Ben Graham called margin of safety “the secret of sound investment” and “the central concept of investment”. He also devoted a whole chapter to the concept and, I am confident, placed it last because it is the most important.
Margin of safety is, as he put it, “the thread that runs through all the preceding discussion of investment policy”. They are the 3 most important words in The Intelligent Investor.
This is Part 8 of our book review of The Intelligent Investor, Revised Edition, Updated with New Commentary by Jason Zweig (affiliate link). Part 8 covers Chapter 20 – Margin of Safety as the Central Concept of Investment.
You may find the Introduction and relevant links at: The Intelligent Investor Book Review in 30 Minutes.
Exponentially Higher Returns
The margin of safety for an investment is the difference between the real or fundamental value and the price you pay. The goal of the value investor is pay less (hopefully, much less) than the real value.
The greater the margin the more leeway you have for negative conditions before you lose money. On the other hand, if conditions are as you expected or better, profits are exponentially higher the greater the original margin.
Here is an example of exponentially higher returns. You have estimated the fundamental value of a stock to be $50 and you purchase it with a 20% margin of safety ($40). If your stock reaches your fundamental value you have a 25% return ($50 divided by $40). However if you purchased the stock with a 50% margin ($25), you have a 100% profit ($50 divided by $25).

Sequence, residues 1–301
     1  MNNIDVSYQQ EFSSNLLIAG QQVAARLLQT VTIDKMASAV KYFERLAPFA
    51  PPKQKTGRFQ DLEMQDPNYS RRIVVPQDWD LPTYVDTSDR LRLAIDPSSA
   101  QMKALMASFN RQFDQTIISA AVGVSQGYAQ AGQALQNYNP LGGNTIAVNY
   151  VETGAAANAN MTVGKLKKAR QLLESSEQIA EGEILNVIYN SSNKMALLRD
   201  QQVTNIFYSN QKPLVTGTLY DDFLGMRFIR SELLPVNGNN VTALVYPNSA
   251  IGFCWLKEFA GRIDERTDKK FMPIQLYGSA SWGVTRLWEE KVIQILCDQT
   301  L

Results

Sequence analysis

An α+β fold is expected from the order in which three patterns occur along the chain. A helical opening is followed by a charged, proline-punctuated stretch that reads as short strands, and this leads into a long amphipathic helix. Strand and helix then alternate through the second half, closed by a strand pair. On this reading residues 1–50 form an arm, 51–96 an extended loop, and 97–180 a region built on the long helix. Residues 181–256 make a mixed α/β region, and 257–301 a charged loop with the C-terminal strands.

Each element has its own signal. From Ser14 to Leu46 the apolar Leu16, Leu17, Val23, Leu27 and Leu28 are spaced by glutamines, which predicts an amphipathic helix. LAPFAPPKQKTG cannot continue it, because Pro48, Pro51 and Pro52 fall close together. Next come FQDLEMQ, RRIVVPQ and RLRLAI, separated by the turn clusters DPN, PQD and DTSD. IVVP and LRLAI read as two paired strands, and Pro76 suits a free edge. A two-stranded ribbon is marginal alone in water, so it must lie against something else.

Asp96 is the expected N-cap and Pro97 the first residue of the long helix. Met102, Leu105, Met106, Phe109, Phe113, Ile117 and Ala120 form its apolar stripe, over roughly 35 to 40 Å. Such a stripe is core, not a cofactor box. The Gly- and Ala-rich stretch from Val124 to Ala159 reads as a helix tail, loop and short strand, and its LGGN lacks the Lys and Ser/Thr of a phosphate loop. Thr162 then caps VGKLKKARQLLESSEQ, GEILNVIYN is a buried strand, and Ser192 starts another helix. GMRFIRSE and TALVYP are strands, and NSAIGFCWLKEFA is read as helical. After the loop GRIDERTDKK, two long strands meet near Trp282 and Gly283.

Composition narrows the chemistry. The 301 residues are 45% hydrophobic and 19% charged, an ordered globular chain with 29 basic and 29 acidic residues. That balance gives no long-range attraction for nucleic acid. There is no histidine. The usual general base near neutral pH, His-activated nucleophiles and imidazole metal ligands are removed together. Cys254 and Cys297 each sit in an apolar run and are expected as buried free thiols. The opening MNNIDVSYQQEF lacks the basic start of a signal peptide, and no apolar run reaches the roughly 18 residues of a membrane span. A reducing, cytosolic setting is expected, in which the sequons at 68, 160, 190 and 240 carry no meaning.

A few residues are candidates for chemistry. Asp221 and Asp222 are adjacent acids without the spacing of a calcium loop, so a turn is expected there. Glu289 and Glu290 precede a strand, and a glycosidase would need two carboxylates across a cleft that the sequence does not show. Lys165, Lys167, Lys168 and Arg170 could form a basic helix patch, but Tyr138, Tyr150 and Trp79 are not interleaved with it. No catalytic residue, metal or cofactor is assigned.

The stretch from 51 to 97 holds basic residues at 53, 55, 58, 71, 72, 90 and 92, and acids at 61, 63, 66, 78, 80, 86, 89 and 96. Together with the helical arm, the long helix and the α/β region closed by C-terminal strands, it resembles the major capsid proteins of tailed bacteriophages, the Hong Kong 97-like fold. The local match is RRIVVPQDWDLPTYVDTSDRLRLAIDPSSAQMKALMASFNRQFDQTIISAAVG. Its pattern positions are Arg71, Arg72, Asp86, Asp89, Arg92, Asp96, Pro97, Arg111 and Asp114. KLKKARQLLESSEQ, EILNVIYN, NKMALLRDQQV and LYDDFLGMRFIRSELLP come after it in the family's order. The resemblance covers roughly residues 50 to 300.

Function of Margin of Safety
Almost anyone, with a little knowledge and hard work, can analyze the past. Mr. Graham demonstrates the importance of this exercise throughout The Intelligent Investor. However, even the best analysts are unable to consistently and accurately forecast the future.
The function of having a margin of safety is to make accurate forecasts of the future unnecessary. In other words, having a safety buffer allows for inaccurate forecasts. It gives you leeway for conditions that are less than optimum because that is usually what happens.
The Price Paid
The amount of safety is completely contingent upon the price paid. Every investment (there are few exceptions) has a price where the margin of safety would be sufficient for purchase. Determining what your purchase price is, and having the discipline to only buy at or below that price, is where the difficulty rests.
There is risk in paying too high a price for a good quality investment. However, Graham noted that investors suffer more often from buying low quality investments during times of economic stability and growth.